Growing voter confidence in economy lifts Obama
BY CHARLES BABINGTON & THOMAS BEAUMONT Associated Press
Sunday, September 30, 2012
9/30/12 at 8:46 AM
WASHINGTON - Americans are growing more optimistic about the economy and President Barack Obama's leadership, creating a significant obstacle for Republican rival Mitt Romney five weeks to Election Day.
Even with unemployment above 8 percent for a 43rd straight month, polls find voters taking comfort in modest signs of economic progress, from a solid jump in consumer confidence this month to steady gains in home prices. Surveys show Obama opening up leads over Romney in several key states, thanks to voters such as Jim Young, 62, a retired engineer from Iowa.
A political independent, Young says Obama's policies have eased the nation's pain as the recovery plods along. "The markets have been doing quite well. So, personally, ... we can't complain," Young said.
Interviews with voters in vital swing states and opinion polls suggest Romney played into Democrats' efforts to paint him as an out-of-touch plutocrat when a secretly recorded video showed him saying 47 percent of Americans consider themselves victims who depend on government care.
"Romney seems fake, especially after the 47 percent comment," said Kurtis Nash of Cincinnati. "I've always voted for Republicans," he said, but now he's leaning toward Obama.
Whether the video played a big role, Obama is leading in polls in Ohio, Florida, Virginia and elsewhere. Romney's backers are struggling to change the momentum in a race shaped in large part by voters' perception of the economy and their overall view of who would do a better job for the middle class.
"Sometimes there is a tipping point in politics where the cumulative effect of several things - and one singular defining event - can flip voters in one direction," said Republican pollster Steve Lombardo. "I think that was what did happen with '47 percent.' It came after two bad weeks for Romney and crystallized voter perceptions, driven by negative ads, that he only cares about rich people."
Obama aides are quick to note that the election is far from over, and any number of unforeseen events could shift the tide. The Romney team hopes Wednesday's presidential debate in Denver will enable the former Massachusetts governor to alter the campaign's dynamics.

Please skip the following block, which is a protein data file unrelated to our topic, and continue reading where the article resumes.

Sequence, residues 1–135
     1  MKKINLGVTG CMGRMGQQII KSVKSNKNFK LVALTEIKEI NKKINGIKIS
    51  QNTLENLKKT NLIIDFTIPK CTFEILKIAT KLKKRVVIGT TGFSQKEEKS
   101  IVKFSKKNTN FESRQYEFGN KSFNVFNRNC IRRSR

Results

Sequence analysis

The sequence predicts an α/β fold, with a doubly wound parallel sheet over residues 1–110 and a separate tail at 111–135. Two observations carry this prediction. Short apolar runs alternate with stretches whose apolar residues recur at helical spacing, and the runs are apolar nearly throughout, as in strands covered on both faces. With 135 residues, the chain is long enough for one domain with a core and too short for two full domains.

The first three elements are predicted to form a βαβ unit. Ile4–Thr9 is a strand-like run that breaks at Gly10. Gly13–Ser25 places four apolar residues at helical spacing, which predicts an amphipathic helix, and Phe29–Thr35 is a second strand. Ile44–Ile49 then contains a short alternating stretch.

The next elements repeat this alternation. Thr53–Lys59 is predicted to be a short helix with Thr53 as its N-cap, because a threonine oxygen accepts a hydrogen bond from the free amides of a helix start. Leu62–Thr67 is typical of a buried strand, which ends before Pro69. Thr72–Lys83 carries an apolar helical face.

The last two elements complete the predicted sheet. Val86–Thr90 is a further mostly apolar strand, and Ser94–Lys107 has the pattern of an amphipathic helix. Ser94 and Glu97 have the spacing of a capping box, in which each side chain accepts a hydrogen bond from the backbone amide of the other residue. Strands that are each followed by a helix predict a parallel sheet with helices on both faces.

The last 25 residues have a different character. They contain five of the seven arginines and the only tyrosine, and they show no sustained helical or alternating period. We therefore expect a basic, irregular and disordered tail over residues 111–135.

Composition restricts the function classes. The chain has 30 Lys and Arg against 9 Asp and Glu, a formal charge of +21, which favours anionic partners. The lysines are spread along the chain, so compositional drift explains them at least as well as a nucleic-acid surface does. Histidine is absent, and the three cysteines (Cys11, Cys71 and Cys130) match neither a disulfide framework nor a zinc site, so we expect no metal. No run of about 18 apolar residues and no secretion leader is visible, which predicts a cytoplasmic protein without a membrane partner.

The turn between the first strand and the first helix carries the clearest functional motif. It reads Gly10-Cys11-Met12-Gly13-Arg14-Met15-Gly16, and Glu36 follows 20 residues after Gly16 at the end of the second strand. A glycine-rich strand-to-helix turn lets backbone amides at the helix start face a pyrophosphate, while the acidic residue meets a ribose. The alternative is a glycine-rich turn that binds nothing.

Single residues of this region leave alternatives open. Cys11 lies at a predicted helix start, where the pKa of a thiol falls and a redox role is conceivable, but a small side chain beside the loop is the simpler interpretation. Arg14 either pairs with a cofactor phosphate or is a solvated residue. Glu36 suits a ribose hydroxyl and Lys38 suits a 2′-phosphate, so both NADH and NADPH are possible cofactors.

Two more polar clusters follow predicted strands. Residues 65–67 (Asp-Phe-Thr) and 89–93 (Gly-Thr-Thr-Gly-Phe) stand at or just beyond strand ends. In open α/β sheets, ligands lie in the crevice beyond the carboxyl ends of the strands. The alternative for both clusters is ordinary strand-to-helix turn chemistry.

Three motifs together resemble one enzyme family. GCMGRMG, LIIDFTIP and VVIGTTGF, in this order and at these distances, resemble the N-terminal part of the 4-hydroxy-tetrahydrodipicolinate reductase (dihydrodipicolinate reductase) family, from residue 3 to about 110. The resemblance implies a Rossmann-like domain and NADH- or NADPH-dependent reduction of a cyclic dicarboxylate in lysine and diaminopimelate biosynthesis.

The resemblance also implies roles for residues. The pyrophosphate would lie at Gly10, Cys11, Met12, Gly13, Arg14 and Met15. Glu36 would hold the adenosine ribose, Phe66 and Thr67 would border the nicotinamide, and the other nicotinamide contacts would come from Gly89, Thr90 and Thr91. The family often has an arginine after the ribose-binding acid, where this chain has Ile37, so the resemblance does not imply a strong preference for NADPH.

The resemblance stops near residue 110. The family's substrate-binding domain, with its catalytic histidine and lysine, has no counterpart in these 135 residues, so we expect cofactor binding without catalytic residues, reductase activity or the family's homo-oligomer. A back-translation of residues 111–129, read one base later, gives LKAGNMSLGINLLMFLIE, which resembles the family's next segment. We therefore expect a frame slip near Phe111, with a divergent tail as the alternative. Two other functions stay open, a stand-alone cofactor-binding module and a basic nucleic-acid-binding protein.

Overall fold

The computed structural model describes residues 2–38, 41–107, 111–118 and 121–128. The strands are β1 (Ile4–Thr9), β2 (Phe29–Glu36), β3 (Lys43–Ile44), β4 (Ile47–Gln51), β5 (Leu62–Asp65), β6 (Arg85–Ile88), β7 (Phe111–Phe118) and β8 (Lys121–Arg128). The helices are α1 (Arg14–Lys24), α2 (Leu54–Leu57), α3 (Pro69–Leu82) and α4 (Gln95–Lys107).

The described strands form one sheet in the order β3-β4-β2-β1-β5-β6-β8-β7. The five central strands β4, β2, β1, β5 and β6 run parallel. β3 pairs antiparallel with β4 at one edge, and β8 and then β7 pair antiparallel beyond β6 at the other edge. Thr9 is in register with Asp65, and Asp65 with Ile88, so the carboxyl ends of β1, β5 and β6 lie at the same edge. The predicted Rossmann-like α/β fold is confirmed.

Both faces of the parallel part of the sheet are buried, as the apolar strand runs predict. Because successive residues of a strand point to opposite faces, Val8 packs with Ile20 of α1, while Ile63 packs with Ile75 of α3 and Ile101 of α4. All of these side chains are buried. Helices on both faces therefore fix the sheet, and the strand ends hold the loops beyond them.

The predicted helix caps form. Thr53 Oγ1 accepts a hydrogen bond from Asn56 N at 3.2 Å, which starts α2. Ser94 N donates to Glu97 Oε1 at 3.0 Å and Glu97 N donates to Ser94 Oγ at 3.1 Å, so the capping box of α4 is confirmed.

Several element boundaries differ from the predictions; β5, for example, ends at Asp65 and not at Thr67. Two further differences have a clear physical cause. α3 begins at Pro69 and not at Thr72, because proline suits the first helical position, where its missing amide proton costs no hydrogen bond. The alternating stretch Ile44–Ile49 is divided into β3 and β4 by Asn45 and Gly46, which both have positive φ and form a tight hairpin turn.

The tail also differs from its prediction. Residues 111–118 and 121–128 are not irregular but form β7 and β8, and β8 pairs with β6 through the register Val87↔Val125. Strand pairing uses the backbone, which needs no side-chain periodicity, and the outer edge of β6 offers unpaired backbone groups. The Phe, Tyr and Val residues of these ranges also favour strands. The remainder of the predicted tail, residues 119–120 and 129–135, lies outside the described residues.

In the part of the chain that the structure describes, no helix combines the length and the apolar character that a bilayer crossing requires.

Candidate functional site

Analysts in both parties point to several likely reasons for Obama's leap in the swing state polls, including:
Rising economic optimism:
From the start, Romney said voters should fire Obama chiefly for his handling of the economy. But Americans are feeling somewhat better about the economy and less inclined to see Romney as the needed fixer.
Associated Press-GfK polls conducted in May and June showed voters about evenly divided between the candidates on the question "who do you trust to do a better job handling the economy." Romney held a narrow edge in August.
But a September survey showed Obama opening up a clear lead on the question, 50 percent to Romney's 43 percent.
The latest poll showed more adults approving, rather than disapproving, of Obama's handling of the economy, for the first time in more than a year.
Meanwhile, consumer confidence rose to its highest level since February. And the median price of homes sold last month increased by a record amount as mortgage rates remain at an all-time low. The once underwater housing market is showing signs of a modest recovery.
A Washington Post poll of Ohio and Florida voters found more confidence in an economic rebound under Obama than under Romney.
Romney's struggle to connect with voters:
Romney, who made millions of dollars heading the private equity firm Bain Capital, has never had a breezy rapport with voters. But Democrats - and some GOP primary rivals - have worked to portray him as something worse: an unfeeling "vulture capitalist" who doesn't mind laying off workers to increase profits.
Romney's team hoped the Republican convention in August would present him as a caring and competent leader. Polls suggest it didn't help much.
The Washington Post poll of registered voters in three battleground states found Obama far ahead of Romney on the question of "who better understands the economic problems" of Americans. Obama bested his Republican challenger by 53 percent to 39 percent in Florida, 54 percent to 37 percent in Virginia, and 57 percent to 34 percent in Ohio.
Original Print Headline: Obama gains as economic confidence rises
Workers form a large spindle from glowing hot metal at Solmet Technologies in Canton, Ohio. Ohio was once synonymous with steel and rubber, but the state has lost more than 368,000 manufacturing jobs since 2000. MARK DUNCAN / Associated Press